National Research Council of Canada. Automotive and Surface Transportation
National Research Council of Canada
3rd International Surface Engineering Conference, 2004
Laser cladding uses a focused laser beam to melt injected or pre-placed powder (or wire) to deposit a layer of desired material onto the surface of a substrate to form a dense and metallurgically sound coating with improved wear, corrosion and/or oxidation resistance. Compared to the conventional weld deposition, laser cladding induces much less heat input to the substrate and also produces a refined microstructure in the coating due to a relatively fast cooling inherent in the process. However, there is still certain amount of process induced residual stresses in the clad, which may adversely affect the mechanical properties and dimensional stability of the parts being clad. In this paper, a blown powder laser cladding technique was used to deposit high-vanadium CPM-9V and CPM-10V tool steel powders on AISI 1070 carbon steel substrate in order to improve its wear resistance. After the cladding, a series of heat treatments were performed on the clad specimens to alleviate the process induced residual stresses. The residual stresses were evaluated using a hole-drilling method. The evolution of the microstructure in the laser clad CPM-9V and CPM-10V coatings during the treatments was also examined using scanning electron microscope and X-ray diffraction. This study was performed to obtain a better understanding of the nature of the residual stresses in the laser clad CPM-9V and CPM-10V tool steel coatings.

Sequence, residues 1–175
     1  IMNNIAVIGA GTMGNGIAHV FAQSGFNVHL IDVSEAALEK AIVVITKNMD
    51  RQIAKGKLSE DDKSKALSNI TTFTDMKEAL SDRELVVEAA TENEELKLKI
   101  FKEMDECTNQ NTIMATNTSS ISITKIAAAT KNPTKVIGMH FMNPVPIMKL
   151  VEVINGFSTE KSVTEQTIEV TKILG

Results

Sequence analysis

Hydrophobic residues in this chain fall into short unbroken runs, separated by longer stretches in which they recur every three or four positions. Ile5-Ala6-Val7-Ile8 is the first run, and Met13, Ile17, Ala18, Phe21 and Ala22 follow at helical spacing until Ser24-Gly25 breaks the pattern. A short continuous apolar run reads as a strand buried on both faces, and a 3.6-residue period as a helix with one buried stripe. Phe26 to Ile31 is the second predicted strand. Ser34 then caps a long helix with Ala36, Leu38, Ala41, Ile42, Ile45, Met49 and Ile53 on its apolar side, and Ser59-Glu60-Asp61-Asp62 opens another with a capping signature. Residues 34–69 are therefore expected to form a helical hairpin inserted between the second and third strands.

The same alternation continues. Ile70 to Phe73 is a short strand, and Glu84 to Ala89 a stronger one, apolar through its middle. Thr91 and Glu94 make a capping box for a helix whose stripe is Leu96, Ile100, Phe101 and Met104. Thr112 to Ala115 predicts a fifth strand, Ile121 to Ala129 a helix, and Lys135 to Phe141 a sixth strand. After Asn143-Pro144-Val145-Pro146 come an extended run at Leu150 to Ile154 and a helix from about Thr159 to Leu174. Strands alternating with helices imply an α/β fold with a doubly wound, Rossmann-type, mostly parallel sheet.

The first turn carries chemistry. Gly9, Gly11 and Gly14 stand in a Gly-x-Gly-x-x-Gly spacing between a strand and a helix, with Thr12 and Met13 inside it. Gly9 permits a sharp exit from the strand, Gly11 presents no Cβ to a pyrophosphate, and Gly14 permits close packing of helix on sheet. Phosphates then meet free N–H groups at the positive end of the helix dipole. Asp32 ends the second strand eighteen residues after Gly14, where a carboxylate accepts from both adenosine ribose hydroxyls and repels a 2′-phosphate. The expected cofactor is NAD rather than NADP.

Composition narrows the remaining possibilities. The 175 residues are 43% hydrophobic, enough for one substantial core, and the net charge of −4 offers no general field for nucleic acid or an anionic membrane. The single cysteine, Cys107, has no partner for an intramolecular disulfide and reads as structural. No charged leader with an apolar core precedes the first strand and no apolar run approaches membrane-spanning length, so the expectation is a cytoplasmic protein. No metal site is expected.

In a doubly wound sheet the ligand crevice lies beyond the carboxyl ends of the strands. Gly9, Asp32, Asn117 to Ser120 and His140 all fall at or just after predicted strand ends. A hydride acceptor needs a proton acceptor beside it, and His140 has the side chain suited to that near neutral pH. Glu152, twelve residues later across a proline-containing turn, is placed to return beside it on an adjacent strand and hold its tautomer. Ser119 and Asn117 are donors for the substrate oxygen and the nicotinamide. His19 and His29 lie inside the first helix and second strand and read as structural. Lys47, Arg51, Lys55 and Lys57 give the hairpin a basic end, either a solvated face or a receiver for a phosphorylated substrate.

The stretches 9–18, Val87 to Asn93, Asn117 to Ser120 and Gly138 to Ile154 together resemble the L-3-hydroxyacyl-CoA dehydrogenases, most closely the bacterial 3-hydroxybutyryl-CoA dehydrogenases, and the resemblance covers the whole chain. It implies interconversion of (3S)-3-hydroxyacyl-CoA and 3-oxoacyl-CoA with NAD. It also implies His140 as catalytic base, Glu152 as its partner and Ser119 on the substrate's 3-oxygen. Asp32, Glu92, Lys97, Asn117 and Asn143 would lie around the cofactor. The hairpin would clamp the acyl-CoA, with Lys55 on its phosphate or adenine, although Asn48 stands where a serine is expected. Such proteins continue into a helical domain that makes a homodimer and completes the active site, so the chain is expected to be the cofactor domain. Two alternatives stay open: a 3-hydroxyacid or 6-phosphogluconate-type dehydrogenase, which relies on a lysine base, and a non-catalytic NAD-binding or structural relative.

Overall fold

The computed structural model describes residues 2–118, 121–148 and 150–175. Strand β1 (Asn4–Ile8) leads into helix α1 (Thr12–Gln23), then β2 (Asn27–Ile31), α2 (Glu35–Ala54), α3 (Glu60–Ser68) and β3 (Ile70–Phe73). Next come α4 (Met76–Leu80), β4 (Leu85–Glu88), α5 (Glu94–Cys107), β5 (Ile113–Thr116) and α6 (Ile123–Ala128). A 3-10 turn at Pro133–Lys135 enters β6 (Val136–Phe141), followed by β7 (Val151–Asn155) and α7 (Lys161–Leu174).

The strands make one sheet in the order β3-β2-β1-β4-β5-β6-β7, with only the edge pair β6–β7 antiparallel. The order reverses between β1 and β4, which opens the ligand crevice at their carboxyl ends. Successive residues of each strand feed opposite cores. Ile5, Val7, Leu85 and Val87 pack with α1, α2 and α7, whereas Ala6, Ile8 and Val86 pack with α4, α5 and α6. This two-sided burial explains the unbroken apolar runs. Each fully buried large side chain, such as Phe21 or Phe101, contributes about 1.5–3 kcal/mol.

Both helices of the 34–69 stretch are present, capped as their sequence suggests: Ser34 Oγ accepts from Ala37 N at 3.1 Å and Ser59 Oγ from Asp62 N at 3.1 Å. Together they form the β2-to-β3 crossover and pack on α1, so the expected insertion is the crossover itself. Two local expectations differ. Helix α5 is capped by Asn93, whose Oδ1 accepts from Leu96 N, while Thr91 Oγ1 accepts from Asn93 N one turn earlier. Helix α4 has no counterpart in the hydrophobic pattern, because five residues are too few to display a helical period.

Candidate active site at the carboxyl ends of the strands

Proceedings of the 3rd International Surface Engineering Conference (2004): 155–161.